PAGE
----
Articles Posted in Gifts

The New Tax Bill

At the end of last year, Congress passed the most significant tax reform since 1986 and unsurprisingly, it aroused many controversies. Its supporters are convinced that the bill is a big success for workers, pointing out positive changes already in effect, such as Wal-Mart raising its employee’s hourly rate. On the other side of the barricade, the opponents fear that the bill will have quite the opposite effect —that it will better benefit the company shareholders rather than its employees (numerous buybacks were announced in December). In the following months, we may witness attempts on the state level to mitigate some of the effects of the new federal law. While it is too soon to evaluate whether the bill will bring about the desired economic growth long-term, it is the right time to get acquainted with the most significant changes. Importantly, none of these changes will affect the 2017 taxes.

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Estate Planning: Income Tax Strategies

            Law firms have had to take a spike in income tax rates, a decline in the estate tax rate, and an increasing annual estate tax exemption threshold into account in devising estate planning strategies. There has been a decreasing gap between the income tax rates and estate tax rates: estate tax has moved to a maximum rate of 40% and a $5.45 million exclusion in 2016, from a 55% percent tax rate and a $675,000 exclusion in 2001; the maximum tax rate on ordinary income is 39.6%, up from a low of 35 percent in 2003; the maximum long-term capital gains tax rate increased to 20% from 15% in that same time frame. Furthermore, in 2013 an additional 3.8% surtax was added for net investment of individuals, estates, and trusts over statutory threshold amounts in certain cases. While these numbers might make you think that estate planning is only necessary for the super wealthy, financial planners advise that it is not. Taxes are just one consideration of estate planning: it is critical to plan for an orderly transfer of assets or for other circumstances such as incapacitation.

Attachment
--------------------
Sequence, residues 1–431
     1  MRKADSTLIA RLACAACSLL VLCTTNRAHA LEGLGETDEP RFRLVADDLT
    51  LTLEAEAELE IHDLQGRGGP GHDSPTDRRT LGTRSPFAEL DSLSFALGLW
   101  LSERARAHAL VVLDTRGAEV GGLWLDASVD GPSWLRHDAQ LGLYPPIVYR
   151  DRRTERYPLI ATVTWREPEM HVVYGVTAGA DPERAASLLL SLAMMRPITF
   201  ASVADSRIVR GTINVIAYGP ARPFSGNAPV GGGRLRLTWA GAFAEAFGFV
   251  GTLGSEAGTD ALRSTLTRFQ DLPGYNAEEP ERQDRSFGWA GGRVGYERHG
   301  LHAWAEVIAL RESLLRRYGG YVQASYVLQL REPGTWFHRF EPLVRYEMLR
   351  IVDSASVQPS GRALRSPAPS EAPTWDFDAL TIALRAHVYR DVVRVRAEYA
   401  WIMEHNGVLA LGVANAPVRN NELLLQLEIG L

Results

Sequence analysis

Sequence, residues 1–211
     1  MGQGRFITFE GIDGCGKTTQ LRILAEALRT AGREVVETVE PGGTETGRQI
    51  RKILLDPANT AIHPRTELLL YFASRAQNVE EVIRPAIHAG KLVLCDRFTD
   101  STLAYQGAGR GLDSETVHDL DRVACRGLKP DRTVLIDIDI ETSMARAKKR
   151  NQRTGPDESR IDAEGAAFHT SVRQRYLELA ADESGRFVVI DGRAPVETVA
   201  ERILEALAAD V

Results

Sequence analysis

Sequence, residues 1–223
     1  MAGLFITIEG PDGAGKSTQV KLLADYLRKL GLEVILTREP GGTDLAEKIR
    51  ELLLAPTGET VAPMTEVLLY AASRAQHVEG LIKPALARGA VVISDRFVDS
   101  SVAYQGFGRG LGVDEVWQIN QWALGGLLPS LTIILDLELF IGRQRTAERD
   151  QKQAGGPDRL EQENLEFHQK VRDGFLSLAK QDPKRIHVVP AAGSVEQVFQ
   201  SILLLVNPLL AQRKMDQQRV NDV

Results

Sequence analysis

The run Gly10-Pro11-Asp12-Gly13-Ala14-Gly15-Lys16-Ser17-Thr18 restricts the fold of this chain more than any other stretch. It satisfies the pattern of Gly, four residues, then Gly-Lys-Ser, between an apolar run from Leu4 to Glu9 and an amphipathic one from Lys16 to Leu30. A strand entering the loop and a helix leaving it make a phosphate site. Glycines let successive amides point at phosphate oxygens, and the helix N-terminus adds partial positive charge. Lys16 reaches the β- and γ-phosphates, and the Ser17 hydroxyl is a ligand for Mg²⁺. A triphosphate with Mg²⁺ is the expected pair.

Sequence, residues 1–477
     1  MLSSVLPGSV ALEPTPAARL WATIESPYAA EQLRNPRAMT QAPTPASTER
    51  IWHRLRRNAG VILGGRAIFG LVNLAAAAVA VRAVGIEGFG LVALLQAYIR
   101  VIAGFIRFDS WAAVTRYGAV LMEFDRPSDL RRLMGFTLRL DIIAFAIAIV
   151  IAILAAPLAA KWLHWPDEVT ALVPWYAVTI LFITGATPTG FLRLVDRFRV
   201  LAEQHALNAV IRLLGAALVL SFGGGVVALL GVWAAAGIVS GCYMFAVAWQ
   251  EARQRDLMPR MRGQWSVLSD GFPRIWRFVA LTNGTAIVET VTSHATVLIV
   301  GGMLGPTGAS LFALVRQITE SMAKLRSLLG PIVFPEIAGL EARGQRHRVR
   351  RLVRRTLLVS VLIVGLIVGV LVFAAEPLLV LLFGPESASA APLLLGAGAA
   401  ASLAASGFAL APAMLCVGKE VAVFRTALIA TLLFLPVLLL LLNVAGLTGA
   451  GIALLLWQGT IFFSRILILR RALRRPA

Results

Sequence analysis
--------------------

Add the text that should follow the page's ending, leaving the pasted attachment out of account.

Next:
The capital gains tax rate – the long-term rate of 20% plus the 3.8% surtax – is significant because it affects the basis of assets. When a decedent dies, her beneficiaries get the benefit of a step-up in basis, which is appreciated assets held in the decedent’s estate are readjusted to fair market value at the time of inheritance. Through this mechanism, the beneficiary receives an income tax advantage because she is not liable for the capital gains tax on any appreciation that occurs up to the point she inherits the asset.

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